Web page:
Now they’re all gone. With the passing yesterday of Thomas Erdelyi – better known to vets of the ‘70s punk revolution as Tommy Ramone – all four original members of The Ramones have left us. Erdelyi, who was 62, was the third to die from a cancer-related illness (the other, bassist Dee Dee Ramone, died of a drug overdose in 2002).
Erdelyi’s involvement with the famed New York rockers has largely been unheralded. As drummer, he was the least inconspicuous and the most businesslike. He was the first player to leave and the first to return.
Initially the band’s manager, Erdelyi took over the role of drummer because, in an oft-quoted remark attributed to Dee Dee, “no one else wanted to.” He also wrote one of the Ramones’ cornerstone hits, I Wanna Be Your Boyfriend, and contributed greatly to the composition of several others. All were ultra-economical, ultra-basic garage rock gems with a deceptively high quotient of pop. He stayed with the band for its first four years and its first four albums – Ramones, Leave Home, Rocket to Russia and It’s Alive. He returned to produce the underrated 1984 album Too Tough to Die.
The Ramones have been rightly revered as a vanguard band of the punk movement. But of all the flagship acts of the era, it was hands down the most fun. The Ramones were seldom political, completely un-fashion conscious and, once you got past their street thug looks, refreshingly non-threatening. Their battle cry was never revolution, per se. It was a simple pronouncement of youthful vigor: “Hey, ho. Let’s go.”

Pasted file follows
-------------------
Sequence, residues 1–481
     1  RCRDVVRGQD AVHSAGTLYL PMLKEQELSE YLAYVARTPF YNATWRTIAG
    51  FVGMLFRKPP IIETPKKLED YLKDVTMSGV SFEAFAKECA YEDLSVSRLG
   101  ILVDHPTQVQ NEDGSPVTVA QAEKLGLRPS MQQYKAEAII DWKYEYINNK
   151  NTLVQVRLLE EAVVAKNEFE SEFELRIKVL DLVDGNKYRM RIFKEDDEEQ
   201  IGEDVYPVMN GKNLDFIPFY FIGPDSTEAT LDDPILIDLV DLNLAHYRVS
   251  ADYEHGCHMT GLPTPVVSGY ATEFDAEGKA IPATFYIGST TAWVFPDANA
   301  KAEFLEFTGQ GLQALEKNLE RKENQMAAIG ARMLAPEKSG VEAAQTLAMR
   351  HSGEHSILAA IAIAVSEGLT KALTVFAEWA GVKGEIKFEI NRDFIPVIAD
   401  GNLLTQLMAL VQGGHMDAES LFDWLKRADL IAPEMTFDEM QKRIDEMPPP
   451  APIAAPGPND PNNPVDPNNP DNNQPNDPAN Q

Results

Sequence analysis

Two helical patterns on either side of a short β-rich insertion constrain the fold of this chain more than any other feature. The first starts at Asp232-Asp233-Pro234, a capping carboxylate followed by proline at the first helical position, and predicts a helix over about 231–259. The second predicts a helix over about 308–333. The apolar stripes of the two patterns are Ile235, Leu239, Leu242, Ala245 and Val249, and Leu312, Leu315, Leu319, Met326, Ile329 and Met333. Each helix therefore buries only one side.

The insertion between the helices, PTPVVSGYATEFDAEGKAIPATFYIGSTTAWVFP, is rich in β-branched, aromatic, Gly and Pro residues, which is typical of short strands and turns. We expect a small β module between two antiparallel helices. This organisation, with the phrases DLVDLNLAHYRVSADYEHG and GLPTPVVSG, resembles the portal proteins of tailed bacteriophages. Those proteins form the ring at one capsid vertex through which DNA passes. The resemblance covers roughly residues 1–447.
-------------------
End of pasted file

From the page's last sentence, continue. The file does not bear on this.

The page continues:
One shouldn’t spend too much energy pinpointing Erdelyi’s role in the Ramones’ early music. This wasn’t a unit where fans devoted time to deciphering lyrics and dissecting riffs and solos One must approach any Ramones roster, especially its founding lineup, as a whole that shot out tunes with remarkable briskness, drive and authority. Their songs were always a treat while they lasted. They just never lasted long. That was the point.
In his final performance years, Erdelyi formed the string music duo Uncle Monk and re-embraced a love of folk and pre-bluegrass country that predated his work with the Ramones. But wherever he played, including an April 2007 WoodSongs date, the shadow of Tommy Ramone sat right beside him.
“There is a kind of cognitive dissonance that goes on with people like us,” Erdelyi told me in an interview prior to the WoodSongs appearance. “Ramones fans can’t imagine me doing acoustic music, not realizing that I’ve been listening to it all my life.”